Renee Suprenant is retiring after serving Hillsdale Col­lege’s theater department to move to the East Coast. Hannah Kwapisz | Collegian

After three years working at Hillsdale College, Renee Sur­prenant is leaving to con­tinue to teach, design, and work in pro­fes­sional theater on the East Coast. 

Sur­prenant, the vis­iting assistant pro­fessor of design and tech­nical director in theater arts, has designed and created the sets for 12 shows during her time at Hillsdale. She credits her time at the college for learning how to teach others in the art she loves.

“I’m always leading these stu­dents in how to help me create my art, and it takes a lot of letting go some­times, and when you do let go, it can be a great expe­rience,” Sur­prenant said. “I’ve learned how to be a leader and also a col­lab­o­rator with my stu­dents, so it’s a fine line, but my time at Hillsdale has been very good for my devel­opment that way.”

Each set on which she worked brought new chal­lenges, Sur­prenant said.

“I love that I get to do so many projects that I’m pas­sionate about,” Sur­prenant said. “For me as a theater artist, it’s not so much that there’s one show I’d love to design…It’s always more about working with a director to come up with a unique pro­duction with a unique design. Then within that, I get to do these art and cre­ativity projects. I get to paint back­drops, which is one of my favorite things, and work those into designs. I get to do all sorts of building, set cre­ating, and tech­niques. I get to play with those, which has been a great explo­ration for me as an artist.” 

After com­pleting her graduate degree at Michigan State Uni­versity, Sur­prenant came to Hillsdale to replace Dave Griffith, the former designer and director who had worked at Hillsdale for about 40 years. Pro­fessor of Theater James Brandon said Sur­prenant was a refreshing addition to the department. 

“It’s good to have your artistic family change a little bit every so often, so bringing Renee in was useful in that regard,” Brandon said. “We’re going to miss her. It’s always tough to make tran­si­tions. I under­stand why she’s leaving and cer­tainly want the best for her.”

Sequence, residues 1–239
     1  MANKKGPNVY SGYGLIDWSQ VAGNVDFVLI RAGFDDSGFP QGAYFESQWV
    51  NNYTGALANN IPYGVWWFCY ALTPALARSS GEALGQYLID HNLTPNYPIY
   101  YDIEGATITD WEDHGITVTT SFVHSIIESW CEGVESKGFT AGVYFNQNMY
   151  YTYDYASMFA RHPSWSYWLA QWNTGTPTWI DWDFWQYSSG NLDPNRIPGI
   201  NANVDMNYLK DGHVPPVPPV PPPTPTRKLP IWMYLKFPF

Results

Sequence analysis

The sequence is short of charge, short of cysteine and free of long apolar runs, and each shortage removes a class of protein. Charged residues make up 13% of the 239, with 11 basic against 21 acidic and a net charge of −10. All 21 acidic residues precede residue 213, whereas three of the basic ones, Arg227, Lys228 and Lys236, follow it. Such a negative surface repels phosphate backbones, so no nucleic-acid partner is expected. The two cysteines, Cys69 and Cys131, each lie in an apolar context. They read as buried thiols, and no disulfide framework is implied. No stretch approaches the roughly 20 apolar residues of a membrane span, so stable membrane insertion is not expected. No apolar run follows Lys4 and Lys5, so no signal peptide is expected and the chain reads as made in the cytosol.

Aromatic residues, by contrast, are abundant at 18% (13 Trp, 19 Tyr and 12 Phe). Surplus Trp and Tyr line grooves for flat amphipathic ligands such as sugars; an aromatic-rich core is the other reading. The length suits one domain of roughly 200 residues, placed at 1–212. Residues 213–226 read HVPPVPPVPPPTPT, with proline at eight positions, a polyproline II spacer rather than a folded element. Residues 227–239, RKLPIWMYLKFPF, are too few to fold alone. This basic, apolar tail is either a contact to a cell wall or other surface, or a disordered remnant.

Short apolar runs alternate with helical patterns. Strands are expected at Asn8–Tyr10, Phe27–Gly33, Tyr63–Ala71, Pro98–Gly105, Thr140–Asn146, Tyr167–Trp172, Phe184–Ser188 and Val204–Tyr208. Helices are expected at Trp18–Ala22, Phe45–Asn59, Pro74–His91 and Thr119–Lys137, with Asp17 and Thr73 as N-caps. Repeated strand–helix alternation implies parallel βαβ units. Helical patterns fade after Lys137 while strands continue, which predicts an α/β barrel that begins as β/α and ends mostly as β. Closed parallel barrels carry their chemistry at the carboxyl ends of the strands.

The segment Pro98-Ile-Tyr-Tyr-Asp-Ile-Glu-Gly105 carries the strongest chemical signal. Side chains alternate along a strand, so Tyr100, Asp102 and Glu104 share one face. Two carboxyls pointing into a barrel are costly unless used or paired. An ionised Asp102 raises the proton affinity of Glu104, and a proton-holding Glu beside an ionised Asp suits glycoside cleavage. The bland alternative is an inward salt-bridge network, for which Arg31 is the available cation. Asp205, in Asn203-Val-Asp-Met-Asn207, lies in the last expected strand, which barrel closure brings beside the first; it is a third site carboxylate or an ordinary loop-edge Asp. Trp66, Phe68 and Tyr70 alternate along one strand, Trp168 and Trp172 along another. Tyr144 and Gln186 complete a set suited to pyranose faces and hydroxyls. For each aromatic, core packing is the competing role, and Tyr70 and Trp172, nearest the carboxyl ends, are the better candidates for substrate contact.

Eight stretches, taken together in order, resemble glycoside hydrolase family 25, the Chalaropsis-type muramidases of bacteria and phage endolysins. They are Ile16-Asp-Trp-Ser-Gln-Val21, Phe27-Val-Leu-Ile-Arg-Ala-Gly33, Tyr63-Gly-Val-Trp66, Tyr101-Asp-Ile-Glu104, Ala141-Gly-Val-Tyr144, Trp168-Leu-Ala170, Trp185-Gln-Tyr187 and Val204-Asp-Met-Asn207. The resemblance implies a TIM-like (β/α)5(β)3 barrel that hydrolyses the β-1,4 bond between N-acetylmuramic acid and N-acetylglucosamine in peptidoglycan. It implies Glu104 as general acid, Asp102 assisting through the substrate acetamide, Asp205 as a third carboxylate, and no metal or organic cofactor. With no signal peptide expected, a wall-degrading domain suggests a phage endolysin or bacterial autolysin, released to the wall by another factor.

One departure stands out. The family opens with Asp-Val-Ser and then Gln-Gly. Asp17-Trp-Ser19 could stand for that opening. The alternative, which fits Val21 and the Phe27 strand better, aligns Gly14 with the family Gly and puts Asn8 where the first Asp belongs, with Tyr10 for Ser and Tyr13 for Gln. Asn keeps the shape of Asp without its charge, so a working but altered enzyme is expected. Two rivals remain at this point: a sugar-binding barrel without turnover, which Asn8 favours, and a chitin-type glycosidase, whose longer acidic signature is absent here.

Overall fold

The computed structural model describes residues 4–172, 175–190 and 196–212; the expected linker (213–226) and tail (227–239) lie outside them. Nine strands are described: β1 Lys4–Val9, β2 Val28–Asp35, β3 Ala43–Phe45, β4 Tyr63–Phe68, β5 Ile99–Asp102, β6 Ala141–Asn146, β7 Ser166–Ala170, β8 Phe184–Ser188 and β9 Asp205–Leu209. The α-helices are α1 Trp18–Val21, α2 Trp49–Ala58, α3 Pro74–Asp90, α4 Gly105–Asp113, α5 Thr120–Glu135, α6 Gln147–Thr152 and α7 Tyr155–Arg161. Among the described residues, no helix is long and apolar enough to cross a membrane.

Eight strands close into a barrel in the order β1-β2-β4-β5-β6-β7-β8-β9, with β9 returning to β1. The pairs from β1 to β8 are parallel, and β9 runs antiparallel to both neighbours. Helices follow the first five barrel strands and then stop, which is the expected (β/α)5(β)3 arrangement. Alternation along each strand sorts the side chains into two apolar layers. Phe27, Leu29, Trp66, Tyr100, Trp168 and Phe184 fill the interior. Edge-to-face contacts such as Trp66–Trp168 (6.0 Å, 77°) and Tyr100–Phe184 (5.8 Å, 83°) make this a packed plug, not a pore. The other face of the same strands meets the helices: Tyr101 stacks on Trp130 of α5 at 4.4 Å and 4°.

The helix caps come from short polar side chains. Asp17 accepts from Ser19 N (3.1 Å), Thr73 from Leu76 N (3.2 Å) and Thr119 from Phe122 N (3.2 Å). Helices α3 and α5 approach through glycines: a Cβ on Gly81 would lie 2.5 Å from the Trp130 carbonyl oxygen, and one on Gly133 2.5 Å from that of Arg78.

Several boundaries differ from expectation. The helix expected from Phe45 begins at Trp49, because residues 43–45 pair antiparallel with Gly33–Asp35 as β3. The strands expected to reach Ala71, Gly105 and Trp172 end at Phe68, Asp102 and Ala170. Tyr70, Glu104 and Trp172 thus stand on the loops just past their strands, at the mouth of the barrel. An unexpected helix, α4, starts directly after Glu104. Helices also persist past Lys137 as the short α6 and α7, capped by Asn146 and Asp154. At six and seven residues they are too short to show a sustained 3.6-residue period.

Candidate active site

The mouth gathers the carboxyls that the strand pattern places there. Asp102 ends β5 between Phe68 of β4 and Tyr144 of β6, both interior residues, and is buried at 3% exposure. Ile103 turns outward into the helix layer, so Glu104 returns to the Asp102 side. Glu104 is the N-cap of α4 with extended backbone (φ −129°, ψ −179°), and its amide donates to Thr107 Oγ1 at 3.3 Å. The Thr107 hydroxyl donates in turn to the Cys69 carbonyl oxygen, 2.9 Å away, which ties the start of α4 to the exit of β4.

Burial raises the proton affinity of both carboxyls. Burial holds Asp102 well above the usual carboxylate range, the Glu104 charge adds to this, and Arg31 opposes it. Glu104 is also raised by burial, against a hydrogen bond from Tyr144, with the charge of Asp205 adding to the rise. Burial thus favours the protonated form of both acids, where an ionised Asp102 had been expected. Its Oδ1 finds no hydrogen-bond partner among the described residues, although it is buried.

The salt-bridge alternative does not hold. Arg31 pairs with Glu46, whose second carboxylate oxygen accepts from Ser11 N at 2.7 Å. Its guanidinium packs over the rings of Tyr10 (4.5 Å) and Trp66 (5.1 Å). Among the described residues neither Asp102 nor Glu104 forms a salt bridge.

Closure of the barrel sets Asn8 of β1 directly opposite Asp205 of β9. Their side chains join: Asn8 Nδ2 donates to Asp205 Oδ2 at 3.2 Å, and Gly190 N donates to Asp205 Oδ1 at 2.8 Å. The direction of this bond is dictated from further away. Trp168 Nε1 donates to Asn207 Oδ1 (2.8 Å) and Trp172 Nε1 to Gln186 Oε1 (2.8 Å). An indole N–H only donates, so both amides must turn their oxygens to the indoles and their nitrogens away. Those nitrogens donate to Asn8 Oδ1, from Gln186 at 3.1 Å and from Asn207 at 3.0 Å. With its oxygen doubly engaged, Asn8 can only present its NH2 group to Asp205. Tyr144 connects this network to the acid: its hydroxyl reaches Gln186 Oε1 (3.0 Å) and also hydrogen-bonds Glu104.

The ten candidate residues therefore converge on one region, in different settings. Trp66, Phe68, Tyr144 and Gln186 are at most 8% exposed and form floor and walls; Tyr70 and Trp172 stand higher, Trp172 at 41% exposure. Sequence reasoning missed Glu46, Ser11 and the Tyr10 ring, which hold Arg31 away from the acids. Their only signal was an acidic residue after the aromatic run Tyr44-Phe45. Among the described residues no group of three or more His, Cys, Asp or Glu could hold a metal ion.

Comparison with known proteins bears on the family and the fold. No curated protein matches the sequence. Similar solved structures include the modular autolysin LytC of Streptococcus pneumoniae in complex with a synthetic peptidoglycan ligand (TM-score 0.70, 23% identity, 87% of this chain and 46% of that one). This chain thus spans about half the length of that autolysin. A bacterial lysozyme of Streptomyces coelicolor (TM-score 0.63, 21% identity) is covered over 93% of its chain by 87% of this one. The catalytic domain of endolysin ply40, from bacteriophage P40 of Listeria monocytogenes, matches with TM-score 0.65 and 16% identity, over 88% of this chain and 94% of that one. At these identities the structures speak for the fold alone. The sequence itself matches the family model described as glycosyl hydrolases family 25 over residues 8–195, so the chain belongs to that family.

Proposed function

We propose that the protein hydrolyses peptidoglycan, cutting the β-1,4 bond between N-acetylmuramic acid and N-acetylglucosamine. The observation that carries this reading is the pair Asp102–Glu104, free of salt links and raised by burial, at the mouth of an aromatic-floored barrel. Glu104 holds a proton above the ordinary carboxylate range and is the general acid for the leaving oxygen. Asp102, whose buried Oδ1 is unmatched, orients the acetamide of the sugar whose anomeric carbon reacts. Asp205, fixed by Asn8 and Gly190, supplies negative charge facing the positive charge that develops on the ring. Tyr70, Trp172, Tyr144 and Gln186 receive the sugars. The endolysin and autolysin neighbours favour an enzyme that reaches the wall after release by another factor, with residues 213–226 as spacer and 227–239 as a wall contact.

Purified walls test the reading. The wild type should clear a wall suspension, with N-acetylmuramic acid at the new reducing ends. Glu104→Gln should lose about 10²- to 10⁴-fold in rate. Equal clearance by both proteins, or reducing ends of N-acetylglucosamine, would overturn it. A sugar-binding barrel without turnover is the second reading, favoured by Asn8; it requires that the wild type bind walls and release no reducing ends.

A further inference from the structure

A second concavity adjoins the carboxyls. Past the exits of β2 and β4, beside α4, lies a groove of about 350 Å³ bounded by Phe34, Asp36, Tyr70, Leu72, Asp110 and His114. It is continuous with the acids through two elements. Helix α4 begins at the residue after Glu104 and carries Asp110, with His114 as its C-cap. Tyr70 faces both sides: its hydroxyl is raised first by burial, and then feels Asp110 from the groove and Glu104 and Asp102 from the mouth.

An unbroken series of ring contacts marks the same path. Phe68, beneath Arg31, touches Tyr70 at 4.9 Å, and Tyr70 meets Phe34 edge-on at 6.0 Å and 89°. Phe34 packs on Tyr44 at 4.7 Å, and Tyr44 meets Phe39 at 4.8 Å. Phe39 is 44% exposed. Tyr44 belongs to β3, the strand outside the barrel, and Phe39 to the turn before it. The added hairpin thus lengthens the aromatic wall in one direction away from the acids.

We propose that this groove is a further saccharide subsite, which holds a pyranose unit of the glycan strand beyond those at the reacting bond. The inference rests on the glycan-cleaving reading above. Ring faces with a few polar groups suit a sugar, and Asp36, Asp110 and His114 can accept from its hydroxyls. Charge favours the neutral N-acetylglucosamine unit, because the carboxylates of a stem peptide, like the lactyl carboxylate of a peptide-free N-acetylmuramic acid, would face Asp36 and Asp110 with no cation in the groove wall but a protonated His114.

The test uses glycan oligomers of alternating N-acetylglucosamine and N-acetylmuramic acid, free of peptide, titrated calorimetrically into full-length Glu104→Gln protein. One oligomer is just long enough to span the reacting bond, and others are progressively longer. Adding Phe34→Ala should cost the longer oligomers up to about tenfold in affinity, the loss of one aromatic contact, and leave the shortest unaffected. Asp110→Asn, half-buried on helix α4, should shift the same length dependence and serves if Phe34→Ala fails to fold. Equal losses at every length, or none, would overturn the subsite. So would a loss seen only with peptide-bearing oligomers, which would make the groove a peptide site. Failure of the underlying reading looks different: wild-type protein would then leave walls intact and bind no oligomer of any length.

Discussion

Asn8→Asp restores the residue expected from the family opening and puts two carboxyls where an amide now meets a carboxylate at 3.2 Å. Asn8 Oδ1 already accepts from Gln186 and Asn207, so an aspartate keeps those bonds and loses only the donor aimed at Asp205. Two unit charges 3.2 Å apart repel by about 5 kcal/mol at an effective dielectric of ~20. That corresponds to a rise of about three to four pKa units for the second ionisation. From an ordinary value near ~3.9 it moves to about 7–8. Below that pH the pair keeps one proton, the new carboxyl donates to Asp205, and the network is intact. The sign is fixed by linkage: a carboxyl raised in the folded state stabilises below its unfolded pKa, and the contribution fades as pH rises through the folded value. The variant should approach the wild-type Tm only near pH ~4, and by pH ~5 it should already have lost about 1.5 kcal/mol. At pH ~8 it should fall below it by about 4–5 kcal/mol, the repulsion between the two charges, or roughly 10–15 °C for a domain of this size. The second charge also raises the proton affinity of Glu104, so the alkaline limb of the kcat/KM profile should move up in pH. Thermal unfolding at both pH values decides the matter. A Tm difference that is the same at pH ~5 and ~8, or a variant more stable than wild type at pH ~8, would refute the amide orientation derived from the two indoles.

Michael Beyer, pro­duction manager and lighting director, said he’s enjoyed Surprenant’s youthful energy and has appre­ciated her talents.

“As a designer, she is a very, very tal­ented painter and very, very tal­ented designer — she has bril­liant ideas,” Beyer said. 

Brandon said he admires her tech­nical skills but also the way Sur­prenant doesn’t allow limited time and resources to cripple her creativity.

“You’re working with limited time, limited budget, and limited student workers, where what can you achieve in a five-to-seven-week rehearsal period is limited,” Brandon said. “The fact that you don’t let your cre­ativity be stifled by that reality is really important, and it’s some­thing that will serve her well moving forward.”

Sur­prenant said she is able to pick some­thing special of which she is proud from each of her dozen shows, but it’s impos­sible to pick a favorite. From working with a senior designer to create an expres­sionist design for “Woyzeck” in spring 2014 to painting “The Taming of the Shrew” backdrop for “Kiss Me Kate” this semester, Sur­prenant said she’s been able to explore her artistic abilities.

“I take a lot of pleasure in the small things that make up a set,” Sur­prenant said. “Other set designers might design the whole set, but they don’t nec­es­sarily build or paint it. I like that side so much, as well, so being able to do both of them has been a lot of work at times. It’s been exhausting, but I enjoy it, too.” 

Sur­prenant said the Hillsdale theater department was a great fit for her for the past three years.

“I love the cre­ative work I do and the department per­son­al­ities in the faculty and stu­dents,” Sur­prenant said. “I think we meshed really well together, and I felt like the work I did was appre­ciated, and I was able to bring people along with me as I did it, and I really enjoyed that.”